This beat is contagious. Simple, infectious, conga driven perfection.
And Spoonie Gee just going off, non-stop. In the words of Prodigy, "Heavy air-play all day with no chorus."
Friday, August 22, 2008
I picked up two of these for the cellar and need some advice. When should I open them? My usual cellaring routine involves buying a reasonably priced bottle, drinking it, purchasing more, asessing a rough time frame of checking in on the bottles (say, for example, opening a bottle three years after purchase, then another one after five years) and then putting away and forgetting about said bottles. As Vatan is allocated and not inexpensive, I will need to consult the public as well as my knowledgeable readership for advice with regards to cellaring time.
Well, readership, what do you think?
Last night it was my turn to host our PM Dub tasting group and it will probably not come as a surprise that I chose to feature Spanish wines. As with many other tasting groups, we usually taste double blind, i.e. brown bagging each bottle, so that we do not know the region(s) or producers.
I chose to feature wines from Albariño and Mencia grapes, mainly because I do not believe that the group has had such a tasting, at least not during my tenure. The idea was to remind the group, with its typically Francophilian and occasionally italophilian wine geek tendencies, that Spanish wines are not all about fruity values to entice new world palates, or overoaked, over-priced wines from Ribera del Duero, Rioja and Priorat. And that there is more Spanish wine of interest to the well–informed, long tested wine palate than Lopez de Heredia, sherry and the occasional txakoli. That being said, there are more obscure wines from folks like Can Rafols (Penedes) I could have included, but the great northwest seemed to be calling, so Rias Baixas and Ribera Sacra it would be.
The Whites (in reverse order of group preference):
2006 Quinta do Couselo Turonia Albariño
Unusual for the O Rosal subzone, this is a 100% Albariño (usually Treixadura and Loureiro are in the mix). The wine was corked.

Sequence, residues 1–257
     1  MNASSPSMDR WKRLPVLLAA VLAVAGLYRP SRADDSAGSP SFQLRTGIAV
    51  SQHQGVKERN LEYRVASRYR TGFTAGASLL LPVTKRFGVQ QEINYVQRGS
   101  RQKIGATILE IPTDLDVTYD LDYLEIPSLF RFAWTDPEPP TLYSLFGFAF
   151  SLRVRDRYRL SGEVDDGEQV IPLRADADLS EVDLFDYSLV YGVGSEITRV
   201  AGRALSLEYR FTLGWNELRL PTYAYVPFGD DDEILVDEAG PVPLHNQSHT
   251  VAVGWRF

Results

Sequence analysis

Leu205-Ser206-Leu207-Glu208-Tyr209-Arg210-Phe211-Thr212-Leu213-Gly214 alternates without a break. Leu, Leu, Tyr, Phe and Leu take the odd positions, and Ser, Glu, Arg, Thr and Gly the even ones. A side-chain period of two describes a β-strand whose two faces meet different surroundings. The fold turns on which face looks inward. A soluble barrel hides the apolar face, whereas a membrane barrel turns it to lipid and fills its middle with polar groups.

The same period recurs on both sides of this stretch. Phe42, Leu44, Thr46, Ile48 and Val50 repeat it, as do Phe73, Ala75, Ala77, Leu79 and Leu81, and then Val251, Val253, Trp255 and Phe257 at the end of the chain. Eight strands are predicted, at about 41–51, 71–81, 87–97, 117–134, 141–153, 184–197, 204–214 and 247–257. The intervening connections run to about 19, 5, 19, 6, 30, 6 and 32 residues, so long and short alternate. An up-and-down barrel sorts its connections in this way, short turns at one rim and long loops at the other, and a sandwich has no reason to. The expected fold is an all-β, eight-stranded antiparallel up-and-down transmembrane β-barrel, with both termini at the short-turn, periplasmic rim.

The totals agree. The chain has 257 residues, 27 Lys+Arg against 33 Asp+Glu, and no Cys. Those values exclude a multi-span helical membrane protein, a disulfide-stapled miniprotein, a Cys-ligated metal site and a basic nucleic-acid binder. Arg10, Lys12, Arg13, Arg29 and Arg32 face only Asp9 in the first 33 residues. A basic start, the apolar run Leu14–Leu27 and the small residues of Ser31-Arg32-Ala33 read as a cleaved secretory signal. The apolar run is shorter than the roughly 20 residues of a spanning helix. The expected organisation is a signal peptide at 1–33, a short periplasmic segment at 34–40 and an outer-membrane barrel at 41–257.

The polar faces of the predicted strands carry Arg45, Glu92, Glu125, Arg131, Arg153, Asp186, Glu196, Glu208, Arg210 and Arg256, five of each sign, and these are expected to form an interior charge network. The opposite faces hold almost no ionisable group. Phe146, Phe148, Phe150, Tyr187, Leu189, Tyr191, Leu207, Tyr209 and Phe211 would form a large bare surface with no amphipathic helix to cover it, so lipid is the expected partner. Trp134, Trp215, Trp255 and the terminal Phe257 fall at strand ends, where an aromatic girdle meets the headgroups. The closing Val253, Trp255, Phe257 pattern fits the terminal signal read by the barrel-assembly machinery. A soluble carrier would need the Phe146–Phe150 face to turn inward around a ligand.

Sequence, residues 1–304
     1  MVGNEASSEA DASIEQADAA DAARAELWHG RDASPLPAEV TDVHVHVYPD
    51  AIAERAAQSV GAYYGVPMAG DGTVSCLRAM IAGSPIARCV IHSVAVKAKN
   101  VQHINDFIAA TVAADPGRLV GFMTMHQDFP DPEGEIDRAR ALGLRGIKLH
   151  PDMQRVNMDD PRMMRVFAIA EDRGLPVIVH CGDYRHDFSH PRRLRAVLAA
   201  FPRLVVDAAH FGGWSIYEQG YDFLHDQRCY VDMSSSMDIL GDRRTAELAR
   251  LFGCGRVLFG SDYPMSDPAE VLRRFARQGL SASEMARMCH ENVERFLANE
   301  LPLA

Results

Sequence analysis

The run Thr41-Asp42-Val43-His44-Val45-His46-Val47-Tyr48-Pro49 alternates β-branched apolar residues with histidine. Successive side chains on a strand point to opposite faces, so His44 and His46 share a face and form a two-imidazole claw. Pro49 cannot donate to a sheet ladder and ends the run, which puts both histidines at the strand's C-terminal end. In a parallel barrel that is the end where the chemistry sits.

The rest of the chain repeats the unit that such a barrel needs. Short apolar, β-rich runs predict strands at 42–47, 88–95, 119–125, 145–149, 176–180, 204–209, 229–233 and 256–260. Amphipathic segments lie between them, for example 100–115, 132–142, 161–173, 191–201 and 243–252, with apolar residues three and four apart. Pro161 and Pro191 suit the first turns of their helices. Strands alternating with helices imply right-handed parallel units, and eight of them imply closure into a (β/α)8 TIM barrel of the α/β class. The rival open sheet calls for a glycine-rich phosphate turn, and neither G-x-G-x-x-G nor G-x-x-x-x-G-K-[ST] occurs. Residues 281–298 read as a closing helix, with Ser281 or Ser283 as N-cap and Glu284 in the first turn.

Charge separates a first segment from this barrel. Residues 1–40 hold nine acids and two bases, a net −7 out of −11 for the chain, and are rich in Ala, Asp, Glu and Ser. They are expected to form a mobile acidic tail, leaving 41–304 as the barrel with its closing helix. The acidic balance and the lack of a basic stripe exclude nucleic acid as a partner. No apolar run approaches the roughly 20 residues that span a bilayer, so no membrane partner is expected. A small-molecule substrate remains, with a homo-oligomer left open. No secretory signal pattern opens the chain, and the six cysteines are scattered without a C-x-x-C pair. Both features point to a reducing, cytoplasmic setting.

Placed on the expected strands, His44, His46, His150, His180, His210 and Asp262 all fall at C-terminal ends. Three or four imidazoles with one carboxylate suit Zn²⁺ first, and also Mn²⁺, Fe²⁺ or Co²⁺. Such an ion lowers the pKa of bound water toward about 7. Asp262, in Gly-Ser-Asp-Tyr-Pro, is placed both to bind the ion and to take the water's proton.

2005 Bodegas Pablo Padin Granbazar 'Ambar' Albariño
This relatively large producer (40,000 cases) located in the largest production zone of of Rias Baixas, Val do Salnes, generally makes good stuff. Their 'ambar' bottling is the nicest one they produce. People at first were put off by the funky aromas, but then warmed up a little to this wine. It echoes my experience with this wine a few months ago - at first I found it to be an over the hill, partially maderized bottle of albariño, going a little bit sweet and without any vibrancy. Over a period of several days in the fridge the wine opened up to show bright yellow stone fruit flavors with a streak of mineral. Same thing last night as the wine improved markedly in the glass.
2005 Lusco do Miño Pazo Pineiro Albariño
At first I really enjoyed this wine. The intensity and dripping ripe character were speaking to me. Almost like apricot preserves and tinned mandarins, but fully dry and with good balancing acidity. You can tell that this is from well situated, very old vines. While tasty, it was definitely a show wine, more front to mid-palate flavors, not much mineral, and a bit over the top for casual drinking. And at over $40, there is a whole lot in Rias Baixas that I think would show more typicity and work much better with a meal.
2006 Do Ferreiro Albariño